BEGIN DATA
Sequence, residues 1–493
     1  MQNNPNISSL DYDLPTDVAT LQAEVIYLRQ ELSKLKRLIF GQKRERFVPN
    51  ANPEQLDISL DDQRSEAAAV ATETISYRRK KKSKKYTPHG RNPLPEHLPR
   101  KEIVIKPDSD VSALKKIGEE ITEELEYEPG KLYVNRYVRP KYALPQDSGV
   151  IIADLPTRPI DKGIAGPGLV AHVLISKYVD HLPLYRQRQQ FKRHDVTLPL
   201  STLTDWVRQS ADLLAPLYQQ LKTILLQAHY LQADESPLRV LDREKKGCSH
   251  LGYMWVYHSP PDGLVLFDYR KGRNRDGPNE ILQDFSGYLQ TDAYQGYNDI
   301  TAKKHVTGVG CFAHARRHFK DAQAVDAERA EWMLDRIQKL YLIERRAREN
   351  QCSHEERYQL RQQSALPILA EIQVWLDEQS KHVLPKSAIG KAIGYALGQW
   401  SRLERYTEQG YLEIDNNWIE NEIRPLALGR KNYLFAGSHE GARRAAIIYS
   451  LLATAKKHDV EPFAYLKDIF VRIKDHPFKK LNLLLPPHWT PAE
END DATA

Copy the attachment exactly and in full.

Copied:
Sequence, residues 1–493
     1  MQNNPNISSL DYDLPTDVAT LQAEVIYLRQ ELSKLKRLIF GQKRERFVPN
    51  ANPEQLDISL DDQRSEAAAV ATETISYRRK KKSKKYTPHG RNPLPEHLPR
   101  KEIVIKPDSD VSALKKIGEE ITEELEYEPG KLYVNRYVRP KYALPQDSGV
   151  IIADLPTRPI DKGIAGPGLV AHVLISKYVD HLPLYRQRQQ FKRHDVTLPL
   201  STLTDWVRQS ADLLAPLYQQ LKTILLQAHY LQADESPLRV LDREKKGCSH
   251  LGYMWVYHSP PDGLVLFDYR KGRNRDGPNE ILQDFSGYLQ TDAYQGYNDI
   301  TAKKHVTGVG CFAHARRHFK DAQAVDAERA EWMLDRIQKL YLIERRAREN
   351  QCSHEERYQL RQQSALPILA EIQVWLDEQS KHVLPKSAIG KAIGYALGQW
   401  SRLERYTEQG YLEIDNNWIE NEIRPLALGR KNYLFAGSHE GARRAAIIYS
   451  LLATAKKHDV EPFAYLKDIF VRIKDHPFKK LNLLLPPHWT PAE